Monday, June 29, 2009


The Bush-Cheney revisionists are still at it. An op-ed piece in today's Los Angeles Times, written by John P. Hannah, a senior fellow at the Washington Institute for Near East Policy who served as Vice President Dick Cheney's national security advisor from 2005-2009, tries to make the case that Bush's invasion of Iraq was a strategic masterpiece, even if the last administration bungled the war badly, and President Obama is screwing up that brilliant strategy by being more concerned with the withdrawal of troops from Iraq than with consolidating our glorious victory.

For all his administration's mistakes in Iraq, Bush clearly understood the imperative of victory once U.S. forces were committed. He knew that removing our troops under fire would have been disastrous. Al Qaeda and Iran would have been emboldened. American credibility throughout the Middle East would have been shattered. Iraq would have descended into chaos, further destabilizing a region vital to U.S. interests.

More positively, Bush also understood that fulfilling our commitment to help Iraq establish a stable democracy could dramatically advance long-term U.S. interests. The Arab Middle East -- the region that provided the ideology, funding, leadership and foot soldiers for the 9/11 attacks -- would get a powerful example of a successful, modernizing democracy. And the United States would secure a strategic foothold in one of the Muslim world's historic centers of political, religious and cultural power. ...

Under Obama, Bush's commitment to winning in Iraq has all but vanished. Convinced from the start that the war was a mistake (a conviction fortified by the Bush team's post-invasion bungling), Obama has for years been the salesman in chief for a narrative of failure: Iraq is seen as a colossal disaster -- a senseless distraction that drained U.S. resources while alienating the rest of the world. While recognizing a vague obligation to help Iraqis forge a better future, Obama's bottom line comes through loud and clear: The war was a strategic blunder, and the sooner the U.S. can wash its hands of it and re-focus on our "real" priorities in the Middle East, the better.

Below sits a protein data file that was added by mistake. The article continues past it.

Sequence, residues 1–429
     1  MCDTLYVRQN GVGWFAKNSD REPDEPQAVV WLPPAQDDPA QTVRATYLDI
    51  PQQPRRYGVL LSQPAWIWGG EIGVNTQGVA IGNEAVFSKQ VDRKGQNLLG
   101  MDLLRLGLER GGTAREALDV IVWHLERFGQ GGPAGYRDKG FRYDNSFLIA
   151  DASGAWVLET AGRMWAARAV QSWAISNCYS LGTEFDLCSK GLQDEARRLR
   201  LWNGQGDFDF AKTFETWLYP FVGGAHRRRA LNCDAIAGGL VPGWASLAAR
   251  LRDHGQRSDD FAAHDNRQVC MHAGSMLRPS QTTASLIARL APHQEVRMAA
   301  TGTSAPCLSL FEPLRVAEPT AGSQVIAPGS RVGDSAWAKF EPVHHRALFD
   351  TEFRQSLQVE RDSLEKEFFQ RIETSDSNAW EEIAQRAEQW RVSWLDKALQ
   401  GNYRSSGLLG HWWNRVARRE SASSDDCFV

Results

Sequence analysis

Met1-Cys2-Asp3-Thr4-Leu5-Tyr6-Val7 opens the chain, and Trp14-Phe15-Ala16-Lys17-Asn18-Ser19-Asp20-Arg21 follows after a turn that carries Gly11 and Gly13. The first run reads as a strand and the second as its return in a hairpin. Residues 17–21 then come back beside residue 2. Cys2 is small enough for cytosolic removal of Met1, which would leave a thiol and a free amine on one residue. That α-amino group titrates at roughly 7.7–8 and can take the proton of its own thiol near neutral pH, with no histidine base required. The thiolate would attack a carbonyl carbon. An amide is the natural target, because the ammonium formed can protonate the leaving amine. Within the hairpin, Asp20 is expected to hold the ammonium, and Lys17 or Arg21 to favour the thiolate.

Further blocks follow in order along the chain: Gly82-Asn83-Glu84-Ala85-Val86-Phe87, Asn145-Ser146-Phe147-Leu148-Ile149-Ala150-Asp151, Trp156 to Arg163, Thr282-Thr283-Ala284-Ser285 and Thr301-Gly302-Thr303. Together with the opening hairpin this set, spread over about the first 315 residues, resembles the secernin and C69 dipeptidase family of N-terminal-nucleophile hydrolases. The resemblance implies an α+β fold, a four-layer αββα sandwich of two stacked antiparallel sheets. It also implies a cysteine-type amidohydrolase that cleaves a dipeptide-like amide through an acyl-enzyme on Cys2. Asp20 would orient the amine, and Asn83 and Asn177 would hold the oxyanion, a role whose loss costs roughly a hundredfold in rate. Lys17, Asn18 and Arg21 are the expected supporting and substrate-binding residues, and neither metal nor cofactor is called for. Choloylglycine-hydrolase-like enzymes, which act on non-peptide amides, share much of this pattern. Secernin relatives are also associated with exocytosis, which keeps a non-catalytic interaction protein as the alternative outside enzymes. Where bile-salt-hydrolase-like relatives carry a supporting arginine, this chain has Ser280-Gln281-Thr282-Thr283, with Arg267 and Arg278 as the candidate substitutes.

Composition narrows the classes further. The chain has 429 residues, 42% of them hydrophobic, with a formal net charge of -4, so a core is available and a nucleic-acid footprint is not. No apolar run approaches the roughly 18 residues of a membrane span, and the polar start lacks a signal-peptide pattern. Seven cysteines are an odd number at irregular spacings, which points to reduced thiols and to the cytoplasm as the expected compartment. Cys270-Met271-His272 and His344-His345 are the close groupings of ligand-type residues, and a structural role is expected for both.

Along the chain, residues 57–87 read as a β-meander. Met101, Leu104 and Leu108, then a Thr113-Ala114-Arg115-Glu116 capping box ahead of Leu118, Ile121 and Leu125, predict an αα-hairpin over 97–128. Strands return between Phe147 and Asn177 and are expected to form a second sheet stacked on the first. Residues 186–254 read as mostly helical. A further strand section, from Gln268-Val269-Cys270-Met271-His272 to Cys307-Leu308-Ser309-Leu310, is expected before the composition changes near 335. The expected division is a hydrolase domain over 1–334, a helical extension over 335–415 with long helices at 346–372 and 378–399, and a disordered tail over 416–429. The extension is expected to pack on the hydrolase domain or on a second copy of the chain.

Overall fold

[Emphasis added]

What Mr. Hannah is trying to convince us is that the war itself was not a blunder, merely the execution of the war. The US had every right to invade a country because it was in our national interests to do so. It was a way to "secure a strategic foothold" in the Middle East, a region rich with oil and natural gas. The fact that the last administration lied us into that invasion, and then screwed up militarily, is unimportant to him. The vision was right.

That vision is no less demonic than the German invasion of France in World War II. No country has the right to invade another simply for strategic foothold. All of Mr. Hannah's blather about democratizing Iraq (after a particularly grisly 'regime change') is immoral non-sense used to justify an imperialistic goal: the global control of quickly disappearing natural resources. And the results of the failed policy include a loss of moral stature in the world, an economy that is still swirling down the toilet, over 4,000 dead American soldiers with thousands more grievously wounded, tens of thousands of dead and wounded Iraqis, and the rise of Iran as a dominant force in that region of the world.

I'd rather listen to Dick Cheney's daughter. I can kind of understand her motivation in defending her father. This claptrap, on the other hand, continues the dangerous theme that the US will do whatever it chooses because it can.


[Note: there's a sidebar poll included with the column. Kindly do an old lady a favor and freep it.]

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Blogger the bewilderness said...

I don't really understand this argument that boldness in your enemy is something to be fearful of and therefore to be discouraged.
Boldness is neither a strategy nor a tactic. It seems more like something you would get extra points for in a video game.

10:56 AM  
Anonymous brenda keith said...

American soldiers with thousands more grievously wounded, tens of thousands of dead and wounded Iraqis, and the rise of Iran as a dominant force in that region of the world.,..

thanks for information

3:14 AM  

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